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JUST IN; Officers kick against plan to halt implementation of new promotion scheme

JUST IN; Officers kick against plan to halt implementation of new promotion scheme

Some employees of the Nigeria Customs Service (NCS) have kicked against plans to halt the implementation of the recently-approved Competency Based Accelerated Career Progression Plan (CBACPP) in the promotion of staff of the organisation.
The concerned officers are disturbed that despite the CBACPP being approved by the federal government, some persons were bent on making sure it’s not implemented, under the guise that it will impact a section of the country negatively.

The government through the NCS board had recently approved the implementation of the CBACPP for officers of the service, explaining that the plan was a ‘proactive strategy’ designed to ensure the customs is well staffed in the future.

Specifically, the NCS stated that it was meant to close the generational gap that could lead to a leadership vacuum in the higher hierarchies of the service if not addressed.

However, it was gathered that those who are opposed to the programme were doing so because they are afraid that when the new system becomes operational, a number of them who do not have the requisite educational qualifications will be side-lined.


It was gathered that the problem the NCS sought to solve arose because prior to the 2009 recruitment, there was a long period when no one was recruited into the customs service.

This implies that by 2028 all the officers who joined the service prior to the 2009 recruitment would retire on account of their length of service.

The consequence of this, which the government tried to avoid, is that there would be some leadership gaps, as none of the officers recruited in 2009 would have risen to the rank of a comptroller.

Realising the imminent problem, the immediate past leadership of the service designed a career accelerated programme to allow officers with certain educational and professional qualifications to step up and earn expedited career progression, one source said.

Although the last leadership of the service was slow to execute it after the approval, it was understood that the career accelerated programme had been approved by the Muhammadu Buhari administration.

However, there were suggestions that some senior officers from a certain part of the country would be short-changed by the approved career accelerated programme.

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“This is considering that many of the officers from that region don’t have the requisite additional educational and professional qualifications,” a source stated.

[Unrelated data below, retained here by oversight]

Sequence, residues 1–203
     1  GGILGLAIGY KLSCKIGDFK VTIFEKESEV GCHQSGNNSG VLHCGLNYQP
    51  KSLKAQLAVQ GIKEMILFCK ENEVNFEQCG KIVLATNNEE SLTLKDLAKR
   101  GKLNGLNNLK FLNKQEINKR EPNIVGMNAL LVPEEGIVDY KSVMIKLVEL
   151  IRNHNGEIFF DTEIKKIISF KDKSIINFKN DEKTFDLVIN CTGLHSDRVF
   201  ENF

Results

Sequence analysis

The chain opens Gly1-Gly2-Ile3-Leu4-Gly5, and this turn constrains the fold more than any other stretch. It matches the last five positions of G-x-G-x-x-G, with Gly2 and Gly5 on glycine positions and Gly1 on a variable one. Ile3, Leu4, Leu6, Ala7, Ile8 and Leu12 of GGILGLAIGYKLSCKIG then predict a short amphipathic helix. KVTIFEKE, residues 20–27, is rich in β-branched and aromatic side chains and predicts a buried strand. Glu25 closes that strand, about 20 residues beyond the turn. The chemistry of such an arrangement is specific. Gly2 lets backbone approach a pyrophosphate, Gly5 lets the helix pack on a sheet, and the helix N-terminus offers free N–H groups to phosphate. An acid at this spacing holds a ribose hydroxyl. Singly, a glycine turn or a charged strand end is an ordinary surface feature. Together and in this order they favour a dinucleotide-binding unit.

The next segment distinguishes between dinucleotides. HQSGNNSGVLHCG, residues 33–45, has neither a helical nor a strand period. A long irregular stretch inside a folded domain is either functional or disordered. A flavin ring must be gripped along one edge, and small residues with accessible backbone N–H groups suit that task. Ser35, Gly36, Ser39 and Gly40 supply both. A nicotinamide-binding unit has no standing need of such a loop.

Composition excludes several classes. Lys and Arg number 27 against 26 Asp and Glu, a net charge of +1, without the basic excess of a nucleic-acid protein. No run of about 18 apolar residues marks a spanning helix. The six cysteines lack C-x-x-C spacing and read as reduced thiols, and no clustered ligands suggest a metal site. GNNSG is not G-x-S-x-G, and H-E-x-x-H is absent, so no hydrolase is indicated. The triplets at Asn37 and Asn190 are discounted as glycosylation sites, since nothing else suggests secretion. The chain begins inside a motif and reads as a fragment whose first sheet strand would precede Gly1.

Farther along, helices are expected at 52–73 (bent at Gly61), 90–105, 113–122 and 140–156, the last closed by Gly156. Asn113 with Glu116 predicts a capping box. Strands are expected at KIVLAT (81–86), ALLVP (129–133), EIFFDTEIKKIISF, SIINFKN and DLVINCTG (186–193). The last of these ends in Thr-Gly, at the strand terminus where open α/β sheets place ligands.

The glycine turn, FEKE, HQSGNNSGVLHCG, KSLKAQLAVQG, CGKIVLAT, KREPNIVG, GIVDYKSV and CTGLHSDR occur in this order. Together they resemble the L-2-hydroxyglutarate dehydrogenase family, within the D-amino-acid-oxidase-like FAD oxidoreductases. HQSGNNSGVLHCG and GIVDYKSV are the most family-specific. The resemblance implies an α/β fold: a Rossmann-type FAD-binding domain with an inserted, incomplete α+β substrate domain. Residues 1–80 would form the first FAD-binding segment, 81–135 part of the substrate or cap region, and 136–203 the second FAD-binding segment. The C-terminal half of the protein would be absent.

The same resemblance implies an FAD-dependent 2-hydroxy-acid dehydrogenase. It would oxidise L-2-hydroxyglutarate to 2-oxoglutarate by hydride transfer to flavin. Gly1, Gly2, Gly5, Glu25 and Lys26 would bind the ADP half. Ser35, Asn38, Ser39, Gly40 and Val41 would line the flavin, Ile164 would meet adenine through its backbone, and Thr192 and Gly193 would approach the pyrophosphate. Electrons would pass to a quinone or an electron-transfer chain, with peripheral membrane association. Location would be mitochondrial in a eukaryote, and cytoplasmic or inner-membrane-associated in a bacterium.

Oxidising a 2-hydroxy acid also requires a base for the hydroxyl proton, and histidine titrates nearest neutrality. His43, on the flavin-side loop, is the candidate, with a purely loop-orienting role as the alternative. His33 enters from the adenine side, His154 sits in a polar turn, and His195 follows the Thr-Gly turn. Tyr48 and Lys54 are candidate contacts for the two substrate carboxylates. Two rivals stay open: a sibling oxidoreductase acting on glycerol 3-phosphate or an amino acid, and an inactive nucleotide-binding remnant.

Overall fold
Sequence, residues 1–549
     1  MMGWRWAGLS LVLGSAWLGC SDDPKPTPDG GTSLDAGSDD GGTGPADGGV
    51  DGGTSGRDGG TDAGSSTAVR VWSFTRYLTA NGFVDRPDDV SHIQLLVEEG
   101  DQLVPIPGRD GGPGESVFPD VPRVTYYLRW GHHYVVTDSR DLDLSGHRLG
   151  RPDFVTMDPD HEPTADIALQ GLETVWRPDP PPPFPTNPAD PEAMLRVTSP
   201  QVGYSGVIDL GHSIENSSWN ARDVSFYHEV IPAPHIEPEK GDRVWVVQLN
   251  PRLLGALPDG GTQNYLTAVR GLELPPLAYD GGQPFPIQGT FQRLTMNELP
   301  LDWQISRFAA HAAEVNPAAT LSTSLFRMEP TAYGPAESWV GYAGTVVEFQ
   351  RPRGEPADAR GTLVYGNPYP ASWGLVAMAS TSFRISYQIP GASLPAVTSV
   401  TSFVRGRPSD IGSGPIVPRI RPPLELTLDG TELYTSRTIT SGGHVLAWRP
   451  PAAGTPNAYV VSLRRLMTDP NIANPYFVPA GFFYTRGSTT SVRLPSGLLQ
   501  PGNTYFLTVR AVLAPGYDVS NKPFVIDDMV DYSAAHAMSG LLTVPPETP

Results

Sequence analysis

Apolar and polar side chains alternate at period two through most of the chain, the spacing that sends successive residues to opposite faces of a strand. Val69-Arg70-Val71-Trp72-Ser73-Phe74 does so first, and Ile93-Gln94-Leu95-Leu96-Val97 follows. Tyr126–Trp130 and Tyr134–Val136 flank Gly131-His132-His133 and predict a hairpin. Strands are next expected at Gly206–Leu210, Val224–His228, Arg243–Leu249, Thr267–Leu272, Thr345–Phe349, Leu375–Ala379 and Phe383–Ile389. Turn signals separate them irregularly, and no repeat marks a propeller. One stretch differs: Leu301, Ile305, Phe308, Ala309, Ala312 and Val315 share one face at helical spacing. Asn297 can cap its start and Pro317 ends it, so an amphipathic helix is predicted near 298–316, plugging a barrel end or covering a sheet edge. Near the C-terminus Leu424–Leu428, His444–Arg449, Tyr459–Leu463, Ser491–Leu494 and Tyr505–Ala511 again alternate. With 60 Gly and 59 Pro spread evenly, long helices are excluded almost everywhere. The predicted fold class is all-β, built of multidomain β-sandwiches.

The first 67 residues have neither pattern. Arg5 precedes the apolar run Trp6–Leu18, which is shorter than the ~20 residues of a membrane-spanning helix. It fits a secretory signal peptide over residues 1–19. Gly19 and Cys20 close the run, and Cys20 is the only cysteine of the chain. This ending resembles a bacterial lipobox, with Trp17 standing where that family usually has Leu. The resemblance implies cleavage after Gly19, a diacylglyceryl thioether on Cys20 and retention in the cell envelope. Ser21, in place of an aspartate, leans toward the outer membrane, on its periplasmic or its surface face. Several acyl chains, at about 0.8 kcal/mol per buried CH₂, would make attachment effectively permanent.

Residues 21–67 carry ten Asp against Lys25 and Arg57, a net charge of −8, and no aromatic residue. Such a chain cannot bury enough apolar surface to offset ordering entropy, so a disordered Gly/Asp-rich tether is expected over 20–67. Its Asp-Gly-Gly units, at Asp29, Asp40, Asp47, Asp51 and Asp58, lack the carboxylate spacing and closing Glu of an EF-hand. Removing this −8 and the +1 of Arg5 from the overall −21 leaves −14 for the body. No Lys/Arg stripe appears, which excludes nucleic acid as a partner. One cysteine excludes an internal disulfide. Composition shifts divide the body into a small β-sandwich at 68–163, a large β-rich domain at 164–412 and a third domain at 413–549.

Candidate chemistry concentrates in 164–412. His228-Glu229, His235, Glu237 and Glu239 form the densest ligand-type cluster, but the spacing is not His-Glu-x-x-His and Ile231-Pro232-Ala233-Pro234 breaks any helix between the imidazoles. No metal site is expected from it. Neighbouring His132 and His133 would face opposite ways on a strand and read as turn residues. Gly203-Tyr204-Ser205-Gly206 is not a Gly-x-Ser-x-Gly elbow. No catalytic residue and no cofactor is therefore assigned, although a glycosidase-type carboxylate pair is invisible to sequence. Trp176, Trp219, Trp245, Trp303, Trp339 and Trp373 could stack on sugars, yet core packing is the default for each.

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According to the proponents of the new policy, sweeping the programme under the carpet or not implementing it would pose danger to the continuous existence of the service.

A departmental memo indicated that in the next six years, all the General Duty (GD) officers recruited into the superintendent cadre before 2009 would have exited the service, either by age or 35 years statutory requirement, thereby creating serious human resources problems.

“Conscious of the challenge this could pose for the service in the nearest future, the Comptroller-General of Customs (CGC) through the board recently approved the implementation of proper placement for officers recruited into the service at the superintendent cadre between 2009 to 2015.

“This exercise, which has received wide applause has boosted the moral of officers, and has consequently narrowed the 17 years generational gap in the system.

“Despite the significant gains achieved through the proper placement, it is instructive to note that by 2028, when the current mid-level and top management officers have all retired from the service, the most senior GD officers in the service would be wearing the rank of Deputy Comptrollers (DC).

“This is projection is based on the minimum number of years that an officer must spend on a rank before being considered eligible for promotion in line with Public Service Rule (PSR) Promotion maturity criterion 020701,” the memo noted.

In addition, it explained that this will therefore mean that no customs officer of the General Duty cadre would have the requisite rank or experience at the top level to head the service by 2028 if a proactive solution is not explored.

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